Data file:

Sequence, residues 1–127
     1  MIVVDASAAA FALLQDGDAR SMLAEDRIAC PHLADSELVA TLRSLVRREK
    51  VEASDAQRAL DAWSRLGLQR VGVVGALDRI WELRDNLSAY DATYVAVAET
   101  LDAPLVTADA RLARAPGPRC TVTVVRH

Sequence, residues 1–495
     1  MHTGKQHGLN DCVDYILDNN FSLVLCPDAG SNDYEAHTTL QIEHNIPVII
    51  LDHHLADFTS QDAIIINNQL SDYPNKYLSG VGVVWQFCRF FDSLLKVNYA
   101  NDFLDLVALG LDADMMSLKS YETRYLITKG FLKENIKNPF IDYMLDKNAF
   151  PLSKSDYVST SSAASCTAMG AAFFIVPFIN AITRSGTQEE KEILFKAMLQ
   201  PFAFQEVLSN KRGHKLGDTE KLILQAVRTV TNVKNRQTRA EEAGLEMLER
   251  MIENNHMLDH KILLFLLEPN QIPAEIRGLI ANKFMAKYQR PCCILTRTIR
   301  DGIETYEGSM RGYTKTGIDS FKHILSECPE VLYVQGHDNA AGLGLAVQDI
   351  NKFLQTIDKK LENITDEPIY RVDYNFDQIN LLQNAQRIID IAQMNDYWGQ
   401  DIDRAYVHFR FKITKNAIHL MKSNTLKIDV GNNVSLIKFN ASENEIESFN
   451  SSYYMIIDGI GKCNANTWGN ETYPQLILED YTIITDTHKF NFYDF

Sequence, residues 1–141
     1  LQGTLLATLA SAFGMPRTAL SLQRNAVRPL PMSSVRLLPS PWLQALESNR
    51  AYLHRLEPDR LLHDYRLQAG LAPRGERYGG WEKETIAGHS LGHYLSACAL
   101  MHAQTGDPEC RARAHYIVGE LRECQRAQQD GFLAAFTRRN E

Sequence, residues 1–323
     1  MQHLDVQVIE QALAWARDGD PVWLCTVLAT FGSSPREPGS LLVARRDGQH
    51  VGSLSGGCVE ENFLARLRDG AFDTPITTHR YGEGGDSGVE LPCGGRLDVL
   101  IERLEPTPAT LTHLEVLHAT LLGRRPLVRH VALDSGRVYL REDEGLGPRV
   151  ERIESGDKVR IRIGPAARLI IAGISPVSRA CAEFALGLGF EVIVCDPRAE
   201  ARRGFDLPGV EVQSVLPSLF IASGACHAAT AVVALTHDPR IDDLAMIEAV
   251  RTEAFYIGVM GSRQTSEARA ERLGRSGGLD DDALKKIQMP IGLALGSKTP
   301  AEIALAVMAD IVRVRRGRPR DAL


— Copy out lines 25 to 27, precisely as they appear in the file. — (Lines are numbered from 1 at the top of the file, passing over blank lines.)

   201  ARRGFDLPGV EVQSVLPSLF IASGACHAAT AVVALTHDPR IDDLAMIEAV
   251  RTEAFYIGVM GSRQTSEARA ERLGRSGGLD DDALKKIQMP IGLALGSKTP
   301  AEIALAVMAD IVRVRRGRPR DAL